The federal government’s involvement in elementary and secondary education is at an all-time high.
In 2013, the federal government spent nearly $35 billion on K-12 education – a roughly 400% increase over the past 30 years – and the Department of Education operates more than 80 programs tied to the nation’s classrooms.
A one-size-fits-all accountability system, known as ‘Adequate Yearly Progress,’ dictates how states and school districts gauge student learning and address underperforming schools.
Arbitrary funding requirements, such as ‘Maintenance of Effort,’ instruct states and local communities how to spend taxpayer dollars.
A ‘Highly Qualified Teacher’ mandate defines which teachers schools are allowed to hire based on credentials, not their ability to teach.
Approximately one out of five students will drop out of high school.
36 percent of 8th graders are reading at grade level, and 35 percent of 8th graders are proficient in math.
Out of 34 countries, students in the U.S. rank 20th and 27th in science and math, respectively.
Instead of working with Congress to fix a broken system, the Obama administration has taken unprecedented action to further expand the federal footprint in schools. Through the president’s waiver scheme and pet programs such as Race to the Top, the Secretary of Education has placed an even more convoluted maze of mandates and rules on states and school districts, limiting their ability to effectively serve their students.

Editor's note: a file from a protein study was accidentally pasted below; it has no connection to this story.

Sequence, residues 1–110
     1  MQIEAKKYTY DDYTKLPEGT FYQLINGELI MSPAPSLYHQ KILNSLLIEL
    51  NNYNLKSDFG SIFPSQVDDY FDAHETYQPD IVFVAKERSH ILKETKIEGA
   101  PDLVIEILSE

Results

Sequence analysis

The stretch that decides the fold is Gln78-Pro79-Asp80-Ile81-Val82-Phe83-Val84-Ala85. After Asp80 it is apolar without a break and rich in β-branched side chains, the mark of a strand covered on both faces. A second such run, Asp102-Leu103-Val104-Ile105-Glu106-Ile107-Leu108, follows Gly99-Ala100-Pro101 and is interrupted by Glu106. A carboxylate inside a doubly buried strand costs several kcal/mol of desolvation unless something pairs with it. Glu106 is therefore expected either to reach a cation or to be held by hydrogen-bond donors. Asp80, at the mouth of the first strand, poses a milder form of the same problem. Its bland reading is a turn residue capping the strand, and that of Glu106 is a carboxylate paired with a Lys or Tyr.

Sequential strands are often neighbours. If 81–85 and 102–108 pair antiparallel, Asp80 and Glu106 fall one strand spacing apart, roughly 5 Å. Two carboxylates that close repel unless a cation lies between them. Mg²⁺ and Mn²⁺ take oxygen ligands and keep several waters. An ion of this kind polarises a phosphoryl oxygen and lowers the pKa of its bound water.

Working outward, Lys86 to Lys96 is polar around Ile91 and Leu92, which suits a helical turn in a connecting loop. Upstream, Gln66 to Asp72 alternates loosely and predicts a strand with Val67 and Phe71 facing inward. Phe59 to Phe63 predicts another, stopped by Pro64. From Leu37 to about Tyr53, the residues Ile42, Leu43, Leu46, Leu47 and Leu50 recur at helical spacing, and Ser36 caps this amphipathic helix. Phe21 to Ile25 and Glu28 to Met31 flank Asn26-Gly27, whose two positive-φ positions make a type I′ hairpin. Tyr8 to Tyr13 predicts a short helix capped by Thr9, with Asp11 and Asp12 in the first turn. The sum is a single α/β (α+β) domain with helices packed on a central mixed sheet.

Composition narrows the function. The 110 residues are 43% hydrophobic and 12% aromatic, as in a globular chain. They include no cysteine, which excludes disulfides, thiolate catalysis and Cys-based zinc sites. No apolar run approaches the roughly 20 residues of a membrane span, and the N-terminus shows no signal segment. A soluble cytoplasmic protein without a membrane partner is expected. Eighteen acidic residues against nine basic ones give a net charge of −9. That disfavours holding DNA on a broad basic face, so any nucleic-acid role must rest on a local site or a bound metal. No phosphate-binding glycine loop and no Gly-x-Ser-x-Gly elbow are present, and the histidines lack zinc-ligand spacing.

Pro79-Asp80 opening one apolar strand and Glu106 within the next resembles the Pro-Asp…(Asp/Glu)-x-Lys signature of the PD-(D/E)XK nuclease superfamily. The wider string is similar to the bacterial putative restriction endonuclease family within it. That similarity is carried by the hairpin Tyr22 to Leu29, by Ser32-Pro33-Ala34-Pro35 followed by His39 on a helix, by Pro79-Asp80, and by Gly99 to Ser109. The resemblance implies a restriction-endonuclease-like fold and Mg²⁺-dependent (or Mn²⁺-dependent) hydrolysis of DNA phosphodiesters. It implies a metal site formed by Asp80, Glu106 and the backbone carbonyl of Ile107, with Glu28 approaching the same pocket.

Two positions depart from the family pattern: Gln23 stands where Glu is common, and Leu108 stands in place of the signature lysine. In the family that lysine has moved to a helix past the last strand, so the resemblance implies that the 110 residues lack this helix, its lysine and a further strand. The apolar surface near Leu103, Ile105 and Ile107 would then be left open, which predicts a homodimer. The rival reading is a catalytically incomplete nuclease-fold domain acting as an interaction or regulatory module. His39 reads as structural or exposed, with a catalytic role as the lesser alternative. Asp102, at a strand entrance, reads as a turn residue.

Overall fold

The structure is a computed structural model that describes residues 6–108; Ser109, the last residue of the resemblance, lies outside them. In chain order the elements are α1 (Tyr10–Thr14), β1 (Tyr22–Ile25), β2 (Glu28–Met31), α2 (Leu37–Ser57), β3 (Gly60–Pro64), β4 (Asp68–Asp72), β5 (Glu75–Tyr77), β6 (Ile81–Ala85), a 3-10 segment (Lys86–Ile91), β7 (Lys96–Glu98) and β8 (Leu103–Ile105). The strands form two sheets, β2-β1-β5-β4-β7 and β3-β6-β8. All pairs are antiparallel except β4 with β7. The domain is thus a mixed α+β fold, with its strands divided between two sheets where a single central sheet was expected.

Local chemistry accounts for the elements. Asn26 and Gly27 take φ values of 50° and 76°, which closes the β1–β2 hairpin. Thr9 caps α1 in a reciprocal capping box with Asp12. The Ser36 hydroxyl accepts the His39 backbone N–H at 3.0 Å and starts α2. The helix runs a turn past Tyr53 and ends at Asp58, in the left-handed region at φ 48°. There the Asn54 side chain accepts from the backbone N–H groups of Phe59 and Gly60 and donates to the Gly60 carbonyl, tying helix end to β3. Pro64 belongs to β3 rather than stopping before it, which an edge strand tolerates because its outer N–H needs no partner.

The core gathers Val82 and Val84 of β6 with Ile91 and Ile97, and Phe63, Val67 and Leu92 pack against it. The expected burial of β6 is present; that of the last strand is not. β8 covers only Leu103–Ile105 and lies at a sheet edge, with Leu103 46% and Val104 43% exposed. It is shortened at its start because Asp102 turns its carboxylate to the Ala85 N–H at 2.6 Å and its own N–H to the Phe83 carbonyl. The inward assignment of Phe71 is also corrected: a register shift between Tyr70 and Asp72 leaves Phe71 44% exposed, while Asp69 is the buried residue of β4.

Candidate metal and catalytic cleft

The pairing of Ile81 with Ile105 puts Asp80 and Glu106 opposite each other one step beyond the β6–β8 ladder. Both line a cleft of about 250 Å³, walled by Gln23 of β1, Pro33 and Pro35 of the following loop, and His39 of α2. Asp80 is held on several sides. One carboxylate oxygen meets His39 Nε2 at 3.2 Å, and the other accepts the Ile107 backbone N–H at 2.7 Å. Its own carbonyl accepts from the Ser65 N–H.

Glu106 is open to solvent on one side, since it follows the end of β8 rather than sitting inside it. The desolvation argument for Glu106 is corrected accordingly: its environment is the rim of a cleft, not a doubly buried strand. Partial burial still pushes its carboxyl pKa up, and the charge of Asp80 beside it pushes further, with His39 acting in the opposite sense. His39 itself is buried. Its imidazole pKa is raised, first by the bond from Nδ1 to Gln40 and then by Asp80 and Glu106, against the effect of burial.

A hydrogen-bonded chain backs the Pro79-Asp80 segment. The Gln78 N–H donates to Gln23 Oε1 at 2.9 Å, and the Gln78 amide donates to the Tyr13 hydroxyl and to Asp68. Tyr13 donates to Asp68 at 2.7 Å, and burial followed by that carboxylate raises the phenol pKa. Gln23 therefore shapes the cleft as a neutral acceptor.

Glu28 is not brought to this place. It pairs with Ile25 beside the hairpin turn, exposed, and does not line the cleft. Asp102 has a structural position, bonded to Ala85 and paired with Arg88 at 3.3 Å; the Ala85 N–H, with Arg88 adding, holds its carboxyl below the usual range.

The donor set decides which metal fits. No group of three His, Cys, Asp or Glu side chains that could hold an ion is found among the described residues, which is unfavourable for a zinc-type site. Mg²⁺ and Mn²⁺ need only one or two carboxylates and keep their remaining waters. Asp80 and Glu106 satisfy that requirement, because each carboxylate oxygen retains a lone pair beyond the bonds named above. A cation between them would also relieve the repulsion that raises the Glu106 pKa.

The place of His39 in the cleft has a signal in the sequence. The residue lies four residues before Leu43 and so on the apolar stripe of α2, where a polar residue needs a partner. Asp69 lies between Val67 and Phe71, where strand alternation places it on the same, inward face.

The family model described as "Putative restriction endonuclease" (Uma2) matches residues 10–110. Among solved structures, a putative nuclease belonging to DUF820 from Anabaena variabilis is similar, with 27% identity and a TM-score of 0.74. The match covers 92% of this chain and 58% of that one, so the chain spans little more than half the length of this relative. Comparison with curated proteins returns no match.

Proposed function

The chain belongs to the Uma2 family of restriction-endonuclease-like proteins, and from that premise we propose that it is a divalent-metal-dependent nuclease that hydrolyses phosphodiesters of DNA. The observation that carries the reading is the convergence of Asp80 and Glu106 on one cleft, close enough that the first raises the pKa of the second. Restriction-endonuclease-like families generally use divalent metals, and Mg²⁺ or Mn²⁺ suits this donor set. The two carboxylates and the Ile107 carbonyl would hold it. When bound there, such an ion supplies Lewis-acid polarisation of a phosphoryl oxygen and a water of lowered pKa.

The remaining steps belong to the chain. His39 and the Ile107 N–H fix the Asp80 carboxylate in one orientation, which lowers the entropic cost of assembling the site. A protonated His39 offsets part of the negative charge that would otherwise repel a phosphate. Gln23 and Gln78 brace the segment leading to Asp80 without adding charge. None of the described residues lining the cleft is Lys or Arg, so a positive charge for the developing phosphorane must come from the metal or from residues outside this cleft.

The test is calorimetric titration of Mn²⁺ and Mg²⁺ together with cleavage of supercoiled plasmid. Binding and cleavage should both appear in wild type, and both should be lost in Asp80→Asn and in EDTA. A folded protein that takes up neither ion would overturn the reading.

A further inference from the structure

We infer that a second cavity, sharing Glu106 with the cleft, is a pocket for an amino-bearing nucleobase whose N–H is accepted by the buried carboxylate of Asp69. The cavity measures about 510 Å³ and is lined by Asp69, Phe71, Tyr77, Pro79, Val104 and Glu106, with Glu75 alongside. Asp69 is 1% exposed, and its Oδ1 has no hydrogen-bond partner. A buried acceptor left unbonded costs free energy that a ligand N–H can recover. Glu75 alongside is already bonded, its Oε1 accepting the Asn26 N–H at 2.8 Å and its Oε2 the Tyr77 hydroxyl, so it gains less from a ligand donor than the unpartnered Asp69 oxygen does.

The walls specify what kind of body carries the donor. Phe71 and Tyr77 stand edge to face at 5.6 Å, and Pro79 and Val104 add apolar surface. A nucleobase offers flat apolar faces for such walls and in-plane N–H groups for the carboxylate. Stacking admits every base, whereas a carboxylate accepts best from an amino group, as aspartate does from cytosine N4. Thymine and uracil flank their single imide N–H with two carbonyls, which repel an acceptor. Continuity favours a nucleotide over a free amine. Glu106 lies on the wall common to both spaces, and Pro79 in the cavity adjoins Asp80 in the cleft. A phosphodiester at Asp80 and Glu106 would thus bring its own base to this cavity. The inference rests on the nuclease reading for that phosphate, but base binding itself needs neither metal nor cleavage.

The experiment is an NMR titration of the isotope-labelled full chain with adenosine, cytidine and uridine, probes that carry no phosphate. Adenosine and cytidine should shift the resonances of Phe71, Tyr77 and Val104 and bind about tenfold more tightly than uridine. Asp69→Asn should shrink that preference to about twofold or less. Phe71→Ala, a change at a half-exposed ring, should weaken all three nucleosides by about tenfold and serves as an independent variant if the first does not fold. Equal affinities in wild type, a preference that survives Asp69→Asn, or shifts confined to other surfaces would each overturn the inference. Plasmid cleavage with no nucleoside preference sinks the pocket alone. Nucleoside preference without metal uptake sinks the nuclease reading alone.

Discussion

Effective education reform cannot come from the top down – it must be encouraged from the bottom up. Washington bureaucrats will never have the same personal understanding of the diverse needs of students as the teachers, administrators, and parents who spend time with them every day. The Student Success Act (H.R. 5) reduces the federal footprint and places control back in the hands of parents and the state and local education leaders who know their children best.
H.R. 5 – STUDENT SUCCESS ACT:
Eliminates more than 69 ineffective, duplicative, and unnecessary programs and replaces this maze of programs with a Local Academic Flexible Grant, providing states and school districts the flexibility they need to effectively and efficiently improve student learning.
Downsizes the federal education bureaucracy by requiring the Secretary of Education to identify the number of full-time employee positions associated with consolidated programs and reduce the department’s workforce by an equal number.
Repeals ineffective federal requirements governing accountability, teacher quality, and local spending that hamper innovation and hamstring the ability of states and school districts to address the unique needs of their students.
Returns responsibility for improving underperforming schools to states, parents, and local leaders by eliminating federally-prescribed school improvement and turnaround interventions.
Empowers parents and taxpayers with the meaningful information they need to hold their schools accountable, helping to ensure that every dollar spent makes a direct and lasting impact for students.
Protects state and local autonomy over decisions in the classroom by prohibiting the Secretary of Education from coercing states to adopt Common Core.
Prevents the Secretary of Education from creating additional burdens on states and school districts, particularly in the areas of standards, assessments, and accountability plans.
Reforms the regulatory process to provide the public with greater transparency and accountability over the development of new rules affecting K-12 schools.
Eliminates costly special interest projects by repealing earmarks that favor specific national organizations.